Durban 2022 Debacle: What Next?
THE recent news of the withdrawal of the rights of the 2022 Commonwealth Games is sad news indeed for sport not just in South Africa but for the entire African continent.
One would have thought that when the bid was submitted, the bidders had undertaken thorough research and investigations about their ability to host this mega multi-sports event.
However, that is now water under the bridge as the Commonwealth Games will not be coming to Africa for the first time, as anticipated.
Although the South African Minister of Sport and Recreation has been on recorded as saying that the Durban debacle will not affect future bids for major events, who could not have been further from the truth.
The withdrawal by the Commonwealth Games Federation (CGF) of the rights to host the 2022 Commonwealth Games is certainly a blot on South Africa and Africa’s record.
The Commonwealth Games are an important multi-sport event, which provides young people from the Commonwealth with yet another opportunity to compete against the best in the world.
When it comes to major events, the hosting of the 2010 FIFA World Cup in South Africa was indeed a historical achievement and a source of pride, not just for the host country, South Africa but for the continent as a whole.
The 2010 FIFA World Cup announced Africa’s arrival on the world stage in terms of the major leagues of sport business.
Having proven beyond reasonable doubt that, given an opportunity, Africa can host fabulous events, the onus is now upon other African states to put their best feet forward and bid to host other single sport or major multi-sport events.
South Africa had made a big case for hosting mega events but the issues surrounding the collapse of the Durban 2022 efforts have indeed dented South Africa’s image.
Even the International Olympic Committee (IOC) will think twice if South Africa submits a bid to host the Summer Olympic Games in the near future.
Just like in economics, trade and business, Africa has to compete even if it has play “catch up” on many fronts and aspects of life. Sport administrators can help in promoting and entrenching this competitive spirit in Africa.
The days of begging and waiting for aid and hand-outs is over. Yes, countries and regions of the world have become more and more interconnected and interdependent.
It is no sin to ask for assistance when it is needed but one must always seek to control their own destiny as well as work towards achieving greater autonomy and independence.
Africa, and especially the beautiful Southern African sub-region, with its relative peace, stability and economic prosperity should not be spectators while other countries and regions are jostling to host major games and events.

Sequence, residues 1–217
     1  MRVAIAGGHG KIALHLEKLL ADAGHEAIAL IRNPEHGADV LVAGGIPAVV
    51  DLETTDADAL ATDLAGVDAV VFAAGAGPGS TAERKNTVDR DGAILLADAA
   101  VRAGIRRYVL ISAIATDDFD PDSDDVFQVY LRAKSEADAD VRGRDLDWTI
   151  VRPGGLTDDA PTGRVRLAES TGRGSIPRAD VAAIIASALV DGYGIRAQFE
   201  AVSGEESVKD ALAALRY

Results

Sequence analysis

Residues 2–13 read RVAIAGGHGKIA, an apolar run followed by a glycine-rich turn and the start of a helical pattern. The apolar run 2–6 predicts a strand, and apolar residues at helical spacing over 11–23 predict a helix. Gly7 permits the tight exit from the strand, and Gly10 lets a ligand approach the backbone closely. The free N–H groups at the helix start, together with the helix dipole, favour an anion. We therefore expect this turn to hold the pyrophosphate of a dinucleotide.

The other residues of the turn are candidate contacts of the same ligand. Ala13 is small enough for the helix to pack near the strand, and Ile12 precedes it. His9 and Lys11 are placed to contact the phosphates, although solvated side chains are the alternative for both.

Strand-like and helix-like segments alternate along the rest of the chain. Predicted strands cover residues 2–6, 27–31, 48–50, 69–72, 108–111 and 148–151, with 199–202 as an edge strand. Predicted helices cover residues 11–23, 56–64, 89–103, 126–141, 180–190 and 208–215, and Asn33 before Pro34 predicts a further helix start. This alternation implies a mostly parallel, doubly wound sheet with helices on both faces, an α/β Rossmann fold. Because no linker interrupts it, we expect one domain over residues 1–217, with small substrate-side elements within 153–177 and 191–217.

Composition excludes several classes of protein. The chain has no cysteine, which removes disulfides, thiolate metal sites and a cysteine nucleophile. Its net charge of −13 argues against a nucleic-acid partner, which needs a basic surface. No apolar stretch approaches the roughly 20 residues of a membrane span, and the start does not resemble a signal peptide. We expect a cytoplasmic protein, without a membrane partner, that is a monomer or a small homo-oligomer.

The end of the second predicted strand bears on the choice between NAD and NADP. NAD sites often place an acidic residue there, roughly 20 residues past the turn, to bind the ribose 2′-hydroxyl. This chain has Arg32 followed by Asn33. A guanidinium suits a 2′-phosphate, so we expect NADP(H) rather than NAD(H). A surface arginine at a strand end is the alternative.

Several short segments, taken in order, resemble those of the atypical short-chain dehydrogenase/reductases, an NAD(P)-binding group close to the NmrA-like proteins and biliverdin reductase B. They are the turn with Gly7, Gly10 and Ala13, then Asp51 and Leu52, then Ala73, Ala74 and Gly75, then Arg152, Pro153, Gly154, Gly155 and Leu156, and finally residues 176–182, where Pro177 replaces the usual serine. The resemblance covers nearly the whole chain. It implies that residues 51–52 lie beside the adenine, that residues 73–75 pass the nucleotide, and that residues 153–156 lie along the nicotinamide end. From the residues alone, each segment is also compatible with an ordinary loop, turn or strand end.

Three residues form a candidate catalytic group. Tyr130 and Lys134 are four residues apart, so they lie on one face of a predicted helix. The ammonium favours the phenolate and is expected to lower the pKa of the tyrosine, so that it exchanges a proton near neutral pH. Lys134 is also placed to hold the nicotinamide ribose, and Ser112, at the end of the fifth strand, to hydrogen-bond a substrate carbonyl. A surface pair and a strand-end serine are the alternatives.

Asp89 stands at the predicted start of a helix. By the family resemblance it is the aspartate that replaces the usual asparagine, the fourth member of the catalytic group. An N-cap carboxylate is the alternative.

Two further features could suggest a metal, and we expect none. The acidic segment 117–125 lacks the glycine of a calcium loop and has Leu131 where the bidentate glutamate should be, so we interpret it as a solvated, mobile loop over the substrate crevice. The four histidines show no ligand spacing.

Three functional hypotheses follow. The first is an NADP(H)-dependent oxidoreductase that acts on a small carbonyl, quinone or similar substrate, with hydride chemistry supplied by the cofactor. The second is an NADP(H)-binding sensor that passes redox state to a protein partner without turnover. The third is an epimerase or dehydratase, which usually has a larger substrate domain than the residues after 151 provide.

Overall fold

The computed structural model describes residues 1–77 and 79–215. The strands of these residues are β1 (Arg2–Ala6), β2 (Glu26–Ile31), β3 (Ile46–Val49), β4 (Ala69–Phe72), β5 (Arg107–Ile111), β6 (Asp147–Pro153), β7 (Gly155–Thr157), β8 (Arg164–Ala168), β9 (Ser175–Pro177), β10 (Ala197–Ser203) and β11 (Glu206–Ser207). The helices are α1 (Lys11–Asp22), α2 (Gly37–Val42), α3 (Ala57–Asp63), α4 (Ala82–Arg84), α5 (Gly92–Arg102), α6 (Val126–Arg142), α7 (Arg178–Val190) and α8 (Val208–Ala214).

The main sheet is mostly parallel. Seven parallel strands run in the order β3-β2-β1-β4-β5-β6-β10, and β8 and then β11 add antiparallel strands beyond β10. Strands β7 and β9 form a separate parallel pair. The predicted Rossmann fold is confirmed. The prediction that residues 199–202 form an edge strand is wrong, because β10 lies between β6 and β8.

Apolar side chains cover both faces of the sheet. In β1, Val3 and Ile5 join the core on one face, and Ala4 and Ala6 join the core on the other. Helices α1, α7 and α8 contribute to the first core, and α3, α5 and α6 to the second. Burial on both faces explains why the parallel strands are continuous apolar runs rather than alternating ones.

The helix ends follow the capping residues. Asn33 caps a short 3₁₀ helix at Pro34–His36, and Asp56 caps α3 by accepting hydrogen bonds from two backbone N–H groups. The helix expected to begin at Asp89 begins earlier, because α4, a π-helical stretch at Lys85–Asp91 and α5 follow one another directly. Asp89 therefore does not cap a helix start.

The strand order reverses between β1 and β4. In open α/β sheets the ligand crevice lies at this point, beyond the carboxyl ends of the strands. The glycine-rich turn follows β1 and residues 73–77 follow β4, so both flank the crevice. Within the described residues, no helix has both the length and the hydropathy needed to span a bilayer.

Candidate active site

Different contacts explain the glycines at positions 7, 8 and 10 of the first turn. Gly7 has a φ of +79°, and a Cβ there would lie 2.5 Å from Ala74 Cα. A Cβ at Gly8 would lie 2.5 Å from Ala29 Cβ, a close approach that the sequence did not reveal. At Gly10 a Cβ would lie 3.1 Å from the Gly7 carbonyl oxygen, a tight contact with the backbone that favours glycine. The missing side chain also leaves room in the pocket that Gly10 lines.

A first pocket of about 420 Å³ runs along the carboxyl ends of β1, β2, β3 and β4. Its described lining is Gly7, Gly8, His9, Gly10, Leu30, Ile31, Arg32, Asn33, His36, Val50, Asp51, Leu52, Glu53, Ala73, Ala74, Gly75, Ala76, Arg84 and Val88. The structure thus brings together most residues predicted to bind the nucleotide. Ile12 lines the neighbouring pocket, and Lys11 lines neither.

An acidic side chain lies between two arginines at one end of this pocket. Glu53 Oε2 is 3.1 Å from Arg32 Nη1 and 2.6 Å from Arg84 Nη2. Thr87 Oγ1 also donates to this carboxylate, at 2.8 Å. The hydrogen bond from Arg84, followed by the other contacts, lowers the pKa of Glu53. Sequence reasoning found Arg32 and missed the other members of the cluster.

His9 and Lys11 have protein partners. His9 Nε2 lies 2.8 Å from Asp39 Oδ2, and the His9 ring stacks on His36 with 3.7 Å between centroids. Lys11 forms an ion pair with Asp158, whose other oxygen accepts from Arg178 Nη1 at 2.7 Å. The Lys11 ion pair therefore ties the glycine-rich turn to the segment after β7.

Africa’s competitors are not stupid in fighting to host various single and multi-sport major events. Major single and multi-sport events are catalysts for the development of economies, creation of infrastructure and jobs in the host countries.
In addition, these events are a means of international branding and promotion of foreign direct investment (FDI) and on-going tourism traffic to the host countries.
In seeking to promote the hosting of major events by Southern African states, they is need for cooperation amongst stakeholders such the Confederation of Southern African National Olympic Committees(COSANOC), business houses and Governments.
Consultative seminars and training workshops must be convened nationally and regionally to develop brands, strategies and themes to support bids and organization of major events.
Sport is no longer fun and games. It is a big multi-billion-dollar business capable of transforming Southern Africa if the region can get its fair share of the cake in terms of hosting events. Sport is now an integral component of socio-economic development of many nations, developed and developing. It is estimated that the value of the global sport, recreation and leisure industry will exceed US$20 billion in 2018.
Utilising the power of television, sport has become an important entertainment industry on its own.
Sport now generates significant employment and wealth at all levels. Furthermore, the public health benefits of active involvement in sport and physical recreation have not been really investigated, especially in Southern Africa.
Fit and healthy sports are more productive. They save governments hundreds of millions of dollars in public health expenditures.
However, there is need for deliberate planning to put up credible business cases for the hosting of major events. Southern African sports confederations must work to raise the standards of event organisation within and amongst member states.
International benchmarking is also very important as it will help to inform the bids that countries put together. African sports administrators should not get excited about traveling to other parts of the world without working to bring the world to Africa.
It is sheer madness! The era of business as usual is over. Sports leaders should not let premier events go by without taking deliberate steps to host some of them within the region.
Southern African countries such as Angola, Namibia, Zambia and Zimbabwe, individually, can, for example, comfortably host world championships or other prestigious events if they plan ahead and work diligently towards accomplishing relevant assignments.